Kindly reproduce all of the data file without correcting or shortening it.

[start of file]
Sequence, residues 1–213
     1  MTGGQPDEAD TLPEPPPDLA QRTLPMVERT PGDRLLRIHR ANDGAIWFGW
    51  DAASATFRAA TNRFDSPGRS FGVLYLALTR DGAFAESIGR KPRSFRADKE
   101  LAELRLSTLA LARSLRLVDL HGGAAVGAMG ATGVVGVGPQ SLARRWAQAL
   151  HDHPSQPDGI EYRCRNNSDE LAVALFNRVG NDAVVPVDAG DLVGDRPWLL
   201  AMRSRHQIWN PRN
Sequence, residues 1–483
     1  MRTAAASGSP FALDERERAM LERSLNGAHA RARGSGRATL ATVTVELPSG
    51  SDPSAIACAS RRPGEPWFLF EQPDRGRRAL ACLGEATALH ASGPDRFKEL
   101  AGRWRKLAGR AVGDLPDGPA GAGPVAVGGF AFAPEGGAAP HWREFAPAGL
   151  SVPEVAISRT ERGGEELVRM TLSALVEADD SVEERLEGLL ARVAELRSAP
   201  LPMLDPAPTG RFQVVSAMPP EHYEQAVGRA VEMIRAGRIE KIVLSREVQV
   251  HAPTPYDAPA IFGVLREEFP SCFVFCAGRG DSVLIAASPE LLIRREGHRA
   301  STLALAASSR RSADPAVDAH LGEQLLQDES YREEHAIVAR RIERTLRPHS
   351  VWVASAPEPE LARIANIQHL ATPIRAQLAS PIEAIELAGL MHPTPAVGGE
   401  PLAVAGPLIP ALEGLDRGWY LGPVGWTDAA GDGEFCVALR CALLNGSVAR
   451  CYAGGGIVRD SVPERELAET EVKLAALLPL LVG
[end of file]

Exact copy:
Sequence, residues 1–213
     1  MTGGQPDEAD TLPEPPPDLA QRTLPMVERT PGDRLLRIHR ANDGAIWFGW
    51  DAASATFRAA TNRFDSPGRS FGVLYLALTR DGAFAESIGR KPRSFRADKE
   101  LAELRLSTLA LARSLRLVDL HGGAAVGAMG ATGVVGVGPQ SLARRWAQAL
   151  HDHPSQPDGI EYRCRNNSDE LAVALFNRVG NDAVVPVDAG DLVGDRPWLL
   201  AMRSRHQIWN PRN
Sequence, residues 1–483
     1  MRTAAASGSP FALDERERAM LERSLNGAHA RARGSGRATL ATVTVELPSG
    51  SDPSAIACAS RRPGEPWFLF EQPDRGRRAL ACLGEATALH ASGPDRFKEL
   101  AGRWRKLAGR AVGDLPDGPA GAGPVAVGGF AFAPEGGAAP HWREFAPAGL
   151  SVPEVAISRT ERGGEELVRM TLSALVEADD SVEERLEGLL ARVAELRSAP
   201  LPMLDPAPTG RFQVVSAMPP EHYEQAVGRA VEMIRAGRIE KIVLSREVQV
   251  HAPTPYDAPA IFGVLREEFP SCFVFCAGRG DSVLIAASPE LLIRREGHRA
   301  STLALAASSR RSADPAVDAH LGEQLLQDES YREEHAIVAR RIERTLRPHS
   351  VWVASAPEPE LARIANIQHL ATPIRAQLAS PIEAIELAGL MHPTPAVGGE
   401  PLAVAGPLIP ALEGLDRGWY LGPVGWTDAA GDGEFCVALR CALLNGSVAR
   451  CYAGGGIVRD SVPERELAET EVKLAALLPL LVG